JIS News

The National Health Fund (NHF) has paid out approximately $1.95 billion for just over two million claims received from individual benefit cardholders during the period October 1, 2008 to October 31, 2009, representing a $43 million increase over the previous year.
Chief Executive Officer, Hugh Lawson, speaking at the NHF’s Provider Awards Ceremony at the Terra Nova Hotel on Monday (November 23), said that the two million claims represent a 17 per cent increase over the previous year, with senior citizens registered under the Jamaica Drug for the Elderly Programme (JADEP) accounting for 761,000 of the submissions received, a five per cent increase over 2007/08.
He commended the partnership of the NHF with the pharmaceutical providers for the “significant achievement”.
“The network of providers has, once again, overachieved. You have filled more prescriptions for JADEP and NHF cards (this year) than you did in previous years. Without the nearly 400 private providers, who have signed contracts with the NHF to accept the NHF card, the programme would not have been as successful as it is today,” Mr. Lawson contended.
He argued that, in light of the prevailing economic challenges, more Jamaicans will require assistance in meeting the “ever increasing cost” of their health care, noting that the NHF/JADEP programme will continue to strive for excellence in caring for persons with chronic conditions.
Health Minister, Hon. Rudyard Spencer, in a speech delivered by NHF Chairman, Dr. Lester Woolery, commended the Fund’s achievement, and urged pharmacies to insist that cardholders present these when filling prescriptions.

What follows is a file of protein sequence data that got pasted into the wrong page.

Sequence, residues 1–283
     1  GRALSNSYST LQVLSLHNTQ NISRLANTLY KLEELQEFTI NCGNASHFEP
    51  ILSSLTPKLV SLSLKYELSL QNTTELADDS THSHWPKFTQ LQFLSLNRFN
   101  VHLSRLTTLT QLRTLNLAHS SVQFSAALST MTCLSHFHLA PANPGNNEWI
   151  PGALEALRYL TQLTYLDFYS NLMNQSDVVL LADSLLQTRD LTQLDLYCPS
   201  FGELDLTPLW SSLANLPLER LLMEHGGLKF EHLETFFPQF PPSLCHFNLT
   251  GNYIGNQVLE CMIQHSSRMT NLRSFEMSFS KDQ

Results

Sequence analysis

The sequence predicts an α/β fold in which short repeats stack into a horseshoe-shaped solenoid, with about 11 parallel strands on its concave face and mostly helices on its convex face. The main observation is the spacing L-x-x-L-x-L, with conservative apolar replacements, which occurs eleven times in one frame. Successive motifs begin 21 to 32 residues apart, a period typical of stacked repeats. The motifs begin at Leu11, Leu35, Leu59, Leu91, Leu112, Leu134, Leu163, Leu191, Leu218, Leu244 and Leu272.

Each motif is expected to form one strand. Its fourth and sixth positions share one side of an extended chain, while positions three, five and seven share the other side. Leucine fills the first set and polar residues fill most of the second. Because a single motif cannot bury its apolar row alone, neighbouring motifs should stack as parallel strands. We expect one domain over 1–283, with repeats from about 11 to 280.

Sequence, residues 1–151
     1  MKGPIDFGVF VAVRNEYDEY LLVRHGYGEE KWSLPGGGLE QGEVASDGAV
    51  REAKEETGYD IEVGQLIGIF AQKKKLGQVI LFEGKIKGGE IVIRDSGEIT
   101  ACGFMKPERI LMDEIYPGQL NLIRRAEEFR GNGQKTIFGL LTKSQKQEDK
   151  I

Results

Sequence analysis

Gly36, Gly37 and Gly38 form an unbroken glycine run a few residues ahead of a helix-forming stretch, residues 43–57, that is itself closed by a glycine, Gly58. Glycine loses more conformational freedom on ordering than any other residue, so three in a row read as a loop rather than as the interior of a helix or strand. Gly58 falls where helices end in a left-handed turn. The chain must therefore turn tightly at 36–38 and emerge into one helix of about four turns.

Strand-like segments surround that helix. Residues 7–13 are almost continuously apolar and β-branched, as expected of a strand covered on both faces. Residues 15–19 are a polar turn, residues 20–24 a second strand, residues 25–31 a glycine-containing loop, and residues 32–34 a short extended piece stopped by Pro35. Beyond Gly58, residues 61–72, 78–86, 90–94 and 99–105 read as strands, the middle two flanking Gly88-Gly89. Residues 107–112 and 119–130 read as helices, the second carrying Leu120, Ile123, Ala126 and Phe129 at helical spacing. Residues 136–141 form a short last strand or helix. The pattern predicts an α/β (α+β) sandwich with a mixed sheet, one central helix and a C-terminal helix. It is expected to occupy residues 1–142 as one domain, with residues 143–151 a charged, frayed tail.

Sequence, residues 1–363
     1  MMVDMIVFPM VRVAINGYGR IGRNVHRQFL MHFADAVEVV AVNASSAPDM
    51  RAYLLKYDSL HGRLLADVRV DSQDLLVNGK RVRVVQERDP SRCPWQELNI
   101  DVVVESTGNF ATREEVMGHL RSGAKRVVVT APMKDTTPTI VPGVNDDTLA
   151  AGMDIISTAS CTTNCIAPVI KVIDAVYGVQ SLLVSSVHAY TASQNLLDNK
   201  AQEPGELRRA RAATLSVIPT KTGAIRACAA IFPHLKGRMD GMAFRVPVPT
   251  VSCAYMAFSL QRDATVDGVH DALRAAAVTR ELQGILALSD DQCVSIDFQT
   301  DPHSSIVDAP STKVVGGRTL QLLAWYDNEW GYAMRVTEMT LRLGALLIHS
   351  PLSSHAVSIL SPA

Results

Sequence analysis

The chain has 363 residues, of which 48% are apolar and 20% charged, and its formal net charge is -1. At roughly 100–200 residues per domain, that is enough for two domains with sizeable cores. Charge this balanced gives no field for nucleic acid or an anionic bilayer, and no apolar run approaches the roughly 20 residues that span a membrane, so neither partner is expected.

“It is critical that the practice of promoting the use of the NHF card for prescriptions on the NHF drug list, which are also (on) the vital, essential and necessary (VEN) drug list, be reinstated. I’m, therefore, urging all the Regional Health Authority pharmacies to get on board,” the Health Minister said.
The Minister expressed satisfaction with the increase in the number of pharmaceuticals on the NHF drug list to upwards of 1,300, with the VEN list growing to 738 items. These drugs, he added, are continuously under review “as we continue to try to meet the needs of the Jamaican people”.
He noted further that the Government is in the process of sourcing less expensive drugs “to ensure that we can have a more reliable supply of pharmaceuticals as well as increase the amount of drugs, which we can access with limited funding. Talks are underway with our overseas suppliers, and we are moving full speed ahead to be able to better provide these items to the Jamaican people.”
Mr. Spencer also informed of the partnership between the NHF and University of Technology (UTech) to train pharmacy technicians, in order to address the prevailing shortage of personnel in the sector. “We know there is a shortage, and we hope that by increasing the number of technicians in the system, we can enable our pharmacists to focus on the more technical tasks,” he stated.
Upwards of 25 awards and presentations were made to private and public sector pharmacies, which filled prescriptions and dispensed pharmaceuticals during 2008/09.
The highlight of the function was the presentation of six Diamond Awards to pharmacies making the NHF’s top 30 list of providers. These are: Matilda’s Corner Pharmacy, Liguanea; the University of the West Indies Health Centre Pharmacy, Mona, St. Andrew; Eastern Pharmacy on Windward Road, Kingston; Lifeline Pharmacy, Spanish Town, St. Catherine; James’ Family Pharmacy in Mandeville, Manchester; and Cornerstone Pharmacy in May Pen, Clarendon.
Each entity received a value package, courtesy of the NHF, comprising a computer with the appropriate systems, which Mr. Lawson explained, are designed to facilitate smooth integration of their existing software with the NHF’s systems.
Established in 2003, the NHF provides assistance to persons to purchase specific prescription drugs used in the treatment and management of designated chronic illnesses. The NHF also funds projects in the national healthcare system to improve its effectiveness.

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